A page dedicated to explaining a little bit of my own personal food philosophy, the ethos behind my way of eating and cooking, and my attitude towards food.

Tomato picker by Laura Elizabeth Pohl

I believe that food is important for so many reasons, from the incredible taste opportunities to its primary purpose of nourishing our bodies, and ensuring good health. Deeper than that, however, ‘best practice’ farming techniques can mean that small-medium scale food production can be beneficial to the natural environment, and a sustainable business model can create good employment opportunities, if workers are protected and paid a fair wage. However, commodification of food crops in our capitalist system and the inevitable rise of corporate involvement has meant that those who benefit the most from the food trade (the handful of mega-food conglomerates) are not those who have the farmer’s, worker’s, nor the consumer’s, best interests in mind. If you wanted the clearest example of this fact, you could mull over the fact that there is more than enough food being produced every day to feed everyone in the world, yet nearly one billion people go hungry. I wanted to briefly share my main motivation regarding food choice (if you hadn’t already guessed it) and give a small insight in to my food ethos, something that will resonate throughout the blog, and has influenced my recipes heavily.

Berries captured by New Amsterdam Market

The food on our plate is a complicated concept which encapsulates so many issues; food choice has become a political issue, and it’s clear that many of us need to reconnect with the foods that we are eating day in and day out. I am not talking about a deep spiritual connection with our mealtimes, but a basic recognition of the fact that the food we consume is like every other consumer product: it has had a life before it has reached us.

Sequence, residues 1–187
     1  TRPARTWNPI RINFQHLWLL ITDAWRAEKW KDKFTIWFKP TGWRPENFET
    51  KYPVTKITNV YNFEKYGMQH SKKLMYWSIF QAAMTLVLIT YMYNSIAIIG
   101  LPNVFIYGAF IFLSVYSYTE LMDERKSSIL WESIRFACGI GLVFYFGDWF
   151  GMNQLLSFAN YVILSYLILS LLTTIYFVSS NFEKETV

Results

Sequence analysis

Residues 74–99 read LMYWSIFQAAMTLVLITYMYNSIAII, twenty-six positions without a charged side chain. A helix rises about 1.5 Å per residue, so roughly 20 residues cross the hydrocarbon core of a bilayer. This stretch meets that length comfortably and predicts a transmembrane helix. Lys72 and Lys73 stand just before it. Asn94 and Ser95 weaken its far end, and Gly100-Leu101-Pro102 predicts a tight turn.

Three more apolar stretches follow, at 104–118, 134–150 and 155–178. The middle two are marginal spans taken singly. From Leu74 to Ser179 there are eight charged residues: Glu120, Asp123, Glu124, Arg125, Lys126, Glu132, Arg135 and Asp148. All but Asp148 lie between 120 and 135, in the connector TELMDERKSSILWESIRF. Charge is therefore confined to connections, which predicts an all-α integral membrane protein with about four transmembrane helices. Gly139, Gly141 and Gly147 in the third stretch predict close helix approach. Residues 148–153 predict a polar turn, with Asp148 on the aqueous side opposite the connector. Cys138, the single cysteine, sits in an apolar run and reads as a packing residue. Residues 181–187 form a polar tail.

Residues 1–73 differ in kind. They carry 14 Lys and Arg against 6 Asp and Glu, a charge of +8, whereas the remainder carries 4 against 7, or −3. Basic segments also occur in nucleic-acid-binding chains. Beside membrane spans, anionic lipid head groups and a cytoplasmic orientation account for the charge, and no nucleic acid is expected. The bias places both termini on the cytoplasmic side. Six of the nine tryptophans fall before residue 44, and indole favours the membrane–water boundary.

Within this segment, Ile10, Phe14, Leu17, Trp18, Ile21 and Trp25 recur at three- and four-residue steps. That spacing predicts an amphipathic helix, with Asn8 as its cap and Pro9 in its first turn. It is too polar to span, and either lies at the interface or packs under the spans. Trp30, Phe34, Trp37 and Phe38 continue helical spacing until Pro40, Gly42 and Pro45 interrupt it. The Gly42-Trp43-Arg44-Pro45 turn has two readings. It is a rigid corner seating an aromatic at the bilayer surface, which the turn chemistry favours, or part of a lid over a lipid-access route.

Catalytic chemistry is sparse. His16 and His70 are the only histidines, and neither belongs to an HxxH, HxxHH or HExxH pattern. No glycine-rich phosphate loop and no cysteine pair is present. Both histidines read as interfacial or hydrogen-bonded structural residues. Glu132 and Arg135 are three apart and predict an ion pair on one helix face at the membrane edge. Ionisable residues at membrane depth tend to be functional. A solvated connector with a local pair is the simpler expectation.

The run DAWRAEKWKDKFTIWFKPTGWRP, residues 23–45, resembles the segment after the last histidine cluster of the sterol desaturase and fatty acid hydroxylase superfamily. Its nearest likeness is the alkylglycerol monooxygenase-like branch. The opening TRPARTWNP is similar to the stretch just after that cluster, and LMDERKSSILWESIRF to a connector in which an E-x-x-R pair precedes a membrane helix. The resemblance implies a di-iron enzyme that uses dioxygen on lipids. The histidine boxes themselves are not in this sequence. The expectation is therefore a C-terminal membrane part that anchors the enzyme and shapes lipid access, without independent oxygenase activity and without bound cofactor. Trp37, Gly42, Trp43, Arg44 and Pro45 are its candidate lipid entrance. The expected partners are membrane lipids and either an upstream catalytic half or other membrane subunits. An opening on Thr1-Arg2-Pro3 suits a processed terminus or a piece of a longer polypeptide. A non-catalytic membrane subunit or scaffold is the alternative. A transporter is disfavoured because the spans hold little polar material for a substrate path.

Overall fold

Just this basic acknowledgement will allow us to make more responsible choices when choosing our food, and will in turn encourage us to value it more, and discourage us from wastage.

When we purchase food, we are all voting for the kind of global food system that we want to see and the kind of food culture that we want to create. Yet so many of us are taking this voting decision far too lightly. Would you vote for a political party without doing any research first? Definitely not. During an election, you would most likely demand to know what principles the party in questions stands for, who and what they support in word and action, and how responsibly they are going to spend your money.

Illinois farmhouse captured by SRA Project

If you are particularly savvy, you would seek to find out what kind of professional and corporate relationships they held, what their vested interests were, who funds and lobbies them, possible corruption instances or patterns. You might become distrustful of individual politicians who could simply be charming you in order to secure your vote, and instead seek a range of perspectives who could deliver  more truthful facts. You might even eschew mainstream media in order to find unbiased voices away from the campaign camaraderie, all for the sake of making an informed opinion.

If we can demonstrate such astute engagement in the political process, how can we remain so passive in our consumption choices?

Why do we take the word of the company- in terms of the ethicality of the productions process- who is literally trying to sell us the food? Why do we take at face value the wishy-washy claims of increasing “environmental obligations” or “social responsibility” without delving any deeper into what these claims actually mean, and who might regulate or even monitor these assertions?

Sure, the impetus can’t fully be on us as the consumer: there needs to legislative and regulatory change, especially concerning subsidisation policies, environmental protection laws, food labelling rules, misleading advertising, worker’s rights and the corrupt economic and political influence of agri-business, to name a few. However, this is still a market place, and the rules of supply and demand apply. We, as consumers, are an important pillar in the supply chain: what we refuse to buy, will not be produced. Our demand, influences the supply.

We need to be smarter, more thoughtful. We need to be pro-active in educating ourselves and become more aware. We need to vote every time we go to the supermarket, and sometimes, we might need to compromise. 

The recipes on this blog reflect the kind of food system that I believe is the ‘right one’, one that aims to consider the social and environmental costs of food production, and one that holds endless benefits for our health, our minds and our bodies.

Vietnamese farm by United Nations Photo



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